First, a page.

Welcome back True Detectives.
“Pain is inexhaustible. It’s only people who get exhausted.”
It’s another of Ray’s little recorder messages that he supposedly makes for his son. It’s a good summary of how myself and other viewers are feeling about his season. Misery as an art form is only effective in contrast. That is, with actual happiness bleeding through. Why should we care who murdered the sex-crazed victim Ben Caspere? Why should we care about the intentionally-polluted rail corridor? Why should we care about corruption so institutionalized, it parades as governance? The show has provided no answers to these questions and, quite frankly, I’m getting pretty fucking exhausted.
We begin 66 days after the Vinci Massacre. Ray quit the force – and his mustache – to work “security” for Frank, basically handling the shakedowns of Frank’s slums. Ani was banished the the evidence locker while undergoing what is likely the worst counseling group in the history of counseling groups (dick size is the topic of conversation). Paul is relegated to insurance fraud while the bitch princess who accused him soliciting a blow job continues her charade against him. Last but not least, Frank is once again knee-deep running his criminal enterprise.
Our characters are in proverbial hell and so are we, the viewer. It’s beginning to be a chore to get through the raindance of misery our characters are perpetually stuck in. You begin to wonder is Pizzolatto himself lives in this haze of existential agony, unable to give himself or his characters a fucking moment of sunlight.
We find out the Attorney General (played by Dexter‘s C.S. Lee) has used the investigation to propel himself into a gubernatorial bid. You know the world is corrupt when Vince Masuka is running for governor. Velcoro was right; the state’s investigation into Vinci was a front for a power grab from all sides.
The episode acts as a reboot of the investigation: our three cop protagonists are brought back together by black lady attorney (whom I shall refer to here on out as Amanda Waller) to reopen Caspere’s murder. Paul and Ani take little convincing; it’s Ray who displays reluctance at the hero’s call. It’s only when she promises to help him keep custody of his son Chad that he agrees to join.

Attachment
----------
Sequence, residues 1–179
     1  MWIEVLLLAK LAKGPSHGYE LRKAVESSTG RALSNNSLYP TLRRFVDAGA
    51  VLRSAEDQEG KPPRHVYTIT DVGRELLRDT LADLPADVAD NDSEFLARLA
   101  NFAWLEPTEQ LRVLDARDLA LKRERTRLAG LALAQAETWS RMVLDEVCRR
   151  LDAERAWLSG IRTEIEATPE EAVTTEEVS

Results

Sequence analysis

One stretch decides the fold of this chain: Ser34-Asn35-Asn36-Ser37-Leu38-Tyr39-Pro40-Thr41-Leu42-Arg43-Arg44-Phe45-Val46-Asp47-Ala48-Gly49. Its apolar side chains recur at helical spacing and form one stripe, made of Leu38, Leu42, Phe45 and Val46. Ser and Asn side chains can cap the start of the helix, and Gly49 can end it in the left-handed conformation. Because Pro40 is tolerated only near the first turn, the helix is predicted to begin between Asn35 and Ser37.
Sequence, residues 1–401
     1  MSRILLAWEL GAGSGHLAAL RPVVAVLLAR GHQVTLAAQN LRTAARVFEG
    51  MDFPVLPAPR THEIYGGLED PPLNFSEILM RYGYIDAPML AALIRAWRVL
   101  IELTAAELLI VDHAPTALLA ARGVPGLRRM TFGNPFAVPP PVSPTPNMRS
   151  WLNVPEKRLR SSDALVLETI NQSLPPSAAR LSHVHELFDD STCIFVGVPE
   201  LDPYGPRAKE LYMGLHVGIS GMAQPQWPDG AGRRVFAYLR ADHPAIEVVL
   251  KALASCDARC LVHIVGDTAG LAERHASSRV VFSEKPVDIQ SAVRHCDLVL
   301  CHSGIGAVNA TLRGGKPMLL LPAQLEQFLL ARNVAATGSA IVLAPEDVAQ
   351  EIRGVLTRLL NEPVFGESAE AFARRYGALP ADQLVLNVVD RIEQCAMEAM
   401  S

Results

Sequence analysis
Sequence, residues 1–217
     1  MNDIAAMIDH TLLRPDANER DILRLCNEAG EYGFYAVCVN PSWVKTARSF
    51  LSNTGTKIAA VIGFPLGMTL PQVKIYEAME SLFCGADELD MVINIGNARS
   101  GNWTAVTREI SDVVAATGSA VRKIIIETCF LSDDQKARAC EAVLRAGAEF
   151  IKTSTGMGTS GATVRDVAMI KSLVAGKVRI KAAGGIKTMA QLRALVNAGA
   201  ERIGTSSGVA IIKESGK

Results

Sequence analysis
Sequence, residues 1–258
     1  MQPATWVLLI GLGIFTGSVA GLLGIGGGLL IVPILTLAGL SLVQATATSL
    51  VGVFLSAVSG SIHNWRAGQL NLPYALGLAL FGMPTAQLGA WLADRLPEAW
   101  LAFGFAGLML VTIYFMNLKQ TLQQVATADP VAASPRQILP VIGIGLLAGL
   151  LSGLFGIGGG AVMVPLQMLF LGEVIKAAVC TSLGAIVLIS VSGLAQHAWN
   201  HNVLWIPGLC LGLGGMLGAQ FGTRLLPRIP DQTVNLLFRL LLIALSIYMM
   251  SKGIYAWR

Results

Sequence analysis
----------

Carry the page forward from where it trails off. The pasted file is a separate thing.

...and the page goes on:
Speaking of his son, Ray’s custody hearing takes a nosedive when his wife demands a paternity test. What’s more, he discovers later that, unbeknownst to him, his wife’s real rapist was captured. A shocked and bemused Ray is at a loss. Did Frank set him up? Who did he kill?
Looking for more work to fund his custody battle, Ray tails Frank’s lieutenant Blake who, just last week, learned the word “louche.” He tails him to a palatial estate in the hills. There, he sees him meet with Dr. Pitlor the psychiatrist and Mayor Chessani’s douchebag son Tony while they set up one of their secretive sex parties. He also discovers Frank’s old business partner Osip is involved in the sex trafficking. Ray goes to Pitlor’s office and beats the every living shit out of him. Pitlor admits Caspere had gathered blackmail evidence with Tony to use against the power players who frequent the parties. It ends rather ambiguously, with Ray approaching the bloodied Pitlor with his club to . . . kill him? Beat him some more? The show doesn’t tell us.